Do wedding photographers edit all photos?

When you hire a wedding photographer you are not just hiring them to provide a service, yes they will be there all day taking photos, however for a wedding photographer that is just a small part of the job and what you are paying for. Once the day is over, your photographer will go away and edit your photos, over the course of the day they will have taken hundreds if not thousands of photos.


Do you really want your photographer just to go and print all these photos off and give them to you? Wedding photographers are not hiding anything from you; however, what they are doing is putting together a beautiful story.


If you go and watch a film you know it has been edited, on DVD's you can watch different ending sometimes and you can also see deleted scenes, some of the scenes are not needed for the film or the storyline when it comes to an end there are different scenes, however, there may be only one ending that truly reflects the story and that is what is used.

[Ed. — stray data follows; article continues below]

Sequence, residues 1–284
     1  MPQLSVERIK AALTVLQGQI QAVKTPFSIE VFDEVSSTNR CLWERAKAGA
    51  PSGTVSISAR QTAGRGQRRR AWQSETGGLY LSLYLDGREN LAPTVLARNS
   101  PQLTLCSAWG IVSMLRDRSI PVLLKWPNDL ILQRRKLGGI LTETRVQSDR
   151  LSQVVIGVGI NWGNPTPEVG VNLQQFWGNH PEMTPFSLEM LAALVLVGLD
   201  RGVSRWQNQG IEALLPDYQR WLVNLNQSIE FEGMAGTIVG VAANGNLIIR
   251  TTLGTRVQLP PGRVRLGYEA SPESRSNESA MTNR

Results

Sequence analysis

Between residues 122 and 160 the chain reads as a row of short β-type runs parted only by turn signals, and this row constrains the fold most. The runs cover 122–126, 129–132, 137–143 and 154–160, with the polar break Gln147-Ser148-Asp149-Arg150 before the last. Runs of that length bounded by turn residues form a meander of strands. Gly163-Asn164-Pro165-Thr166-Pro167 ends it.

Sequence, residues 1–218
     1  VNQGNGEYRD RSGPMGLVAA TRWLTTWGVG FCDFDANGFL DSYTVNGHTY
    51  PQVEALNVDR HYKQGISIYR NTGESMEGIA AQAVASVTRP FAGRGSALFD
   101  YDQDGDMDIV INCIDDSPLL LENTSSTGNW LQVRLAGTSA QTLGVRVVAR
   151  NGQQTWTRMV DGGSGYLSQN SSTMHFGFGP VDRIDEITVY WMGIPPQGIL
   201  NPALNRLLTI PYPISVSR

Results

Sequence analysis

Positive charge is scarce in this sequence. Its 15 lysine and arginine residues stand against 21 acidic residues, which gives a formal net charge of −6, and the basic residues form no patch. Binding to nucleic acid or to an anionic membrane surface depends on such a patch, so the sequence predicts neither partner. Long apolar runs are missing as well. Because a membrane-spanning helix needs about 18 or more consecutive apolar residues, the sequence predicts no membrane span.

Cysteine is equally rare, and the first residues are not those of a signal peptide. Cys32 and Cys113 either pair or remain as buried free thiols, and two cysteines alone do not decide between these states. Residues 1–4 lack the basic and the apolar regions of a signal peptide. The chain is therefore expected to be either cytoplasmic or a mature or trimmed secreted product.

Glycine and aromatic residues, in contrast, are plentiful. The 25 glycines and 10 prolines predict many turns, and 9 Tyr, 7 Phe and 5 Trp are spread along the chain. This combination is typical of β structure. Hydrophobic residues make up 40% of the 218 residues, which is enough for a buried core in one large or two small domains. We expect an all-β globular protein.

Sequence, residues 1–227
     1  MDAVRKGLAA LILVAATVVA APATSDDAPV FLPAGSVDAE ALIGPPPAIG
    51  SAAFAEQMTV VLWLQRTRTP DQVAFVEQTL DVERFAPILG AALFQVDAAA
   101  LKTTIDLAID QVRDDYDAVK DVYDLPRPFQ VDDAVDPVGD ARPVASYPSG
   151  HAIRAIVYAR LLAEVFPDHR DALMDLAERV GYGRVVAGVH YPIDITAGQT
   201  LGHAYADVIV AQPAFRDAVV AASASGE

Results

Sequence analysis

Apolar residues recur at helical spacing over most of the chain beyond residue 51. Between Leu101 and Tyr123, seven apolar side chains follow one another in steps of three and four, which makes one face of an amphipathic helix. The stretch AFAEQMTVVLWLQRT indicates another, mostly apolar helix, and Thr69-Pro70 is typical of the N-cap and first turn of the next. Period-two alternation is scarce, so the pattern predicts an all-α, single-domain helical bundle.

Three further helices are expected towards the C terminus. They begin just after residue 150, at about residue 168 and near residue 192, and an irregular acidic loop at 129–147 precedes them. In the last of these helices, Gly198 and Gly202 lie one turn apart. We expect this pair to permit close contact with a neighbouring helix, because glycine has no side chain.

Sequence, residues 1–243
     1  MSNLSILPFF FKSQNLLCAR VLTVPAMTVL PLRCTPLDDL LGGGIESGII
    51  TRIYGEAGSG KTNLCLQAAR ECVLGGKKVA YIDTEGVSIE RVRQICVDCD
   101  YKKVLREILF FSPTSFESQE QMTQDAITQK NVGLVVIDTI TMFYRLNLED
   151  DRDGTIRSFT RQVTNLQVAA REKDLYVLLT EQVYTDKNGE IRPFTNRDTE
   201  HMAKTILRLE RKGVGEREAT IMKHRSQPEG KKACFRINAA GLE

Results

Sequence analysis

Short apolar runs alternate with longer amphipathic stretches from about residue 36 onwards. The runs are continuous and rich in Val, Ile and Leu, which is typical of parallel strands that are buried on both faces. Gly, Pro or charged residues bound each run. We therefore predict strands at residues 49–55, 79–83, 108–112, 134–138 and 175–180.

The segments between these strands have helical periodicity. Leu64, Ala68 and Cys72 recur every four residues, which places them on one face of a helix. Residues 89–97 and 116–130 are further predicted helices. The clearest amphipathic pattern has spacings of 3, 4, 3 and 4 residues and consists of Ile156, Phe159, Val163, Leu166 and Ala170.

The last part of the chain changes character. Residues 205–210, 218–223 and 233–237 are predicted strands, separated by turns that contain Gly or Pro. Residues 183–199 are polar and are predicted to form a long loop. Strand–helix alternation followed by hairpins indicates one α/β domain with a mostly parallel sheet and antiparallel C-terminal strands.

Again the same can be said to a book, it would be like asking a photographer to hand over a memory card, USB, or DVD of raw images is akin to asking an author to present you with their book in manuscript format, unedited, unformatted, and including the paragraphs and chapters that didn't make the cut.


As a photographer when I'm out shooting, because I've been shooting and editing for years, and I know my camera's capabilities, I know how to push my camera in different lighting situations where I can either lift details out of shadows or bring down bright sections. So often I am shooting for how I see I will edit the photo later – and why I don't like showing the back of my camera screen while shooting on the fly, because often it doesn't look great on the screen, but I know once it's been edited, it will look ah-mazing!